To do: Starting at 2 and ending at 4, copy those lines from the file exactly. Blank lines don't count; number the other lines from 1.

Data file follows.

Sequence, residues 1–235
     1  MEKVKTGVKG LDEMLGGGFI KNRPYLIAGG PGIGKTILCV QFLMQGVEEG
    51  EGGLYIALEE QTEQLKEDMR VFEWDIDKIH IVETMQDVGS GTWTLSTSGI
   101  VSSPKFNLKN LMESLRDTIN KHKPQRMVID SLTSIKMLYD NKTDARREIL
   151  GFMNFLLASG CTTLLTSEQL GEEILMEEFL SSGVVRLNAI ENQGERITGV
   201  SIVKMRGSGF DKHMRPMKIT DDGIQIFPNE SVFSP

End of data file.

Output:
     1  MEKVKTGVKG LDEMLGGGFI KNRPYLIAGG PGIGKTILCV QFLMQGVEEG
    51  EGGLYIALEE QTEQLKEDMR VFEWDIDKIH IVETMQDVGS GTWTLSTSGI
   101  VSSPKFNLKN LMESLRDTIN KHKPQRMVID SLTSIKMLYD NKTDARREIL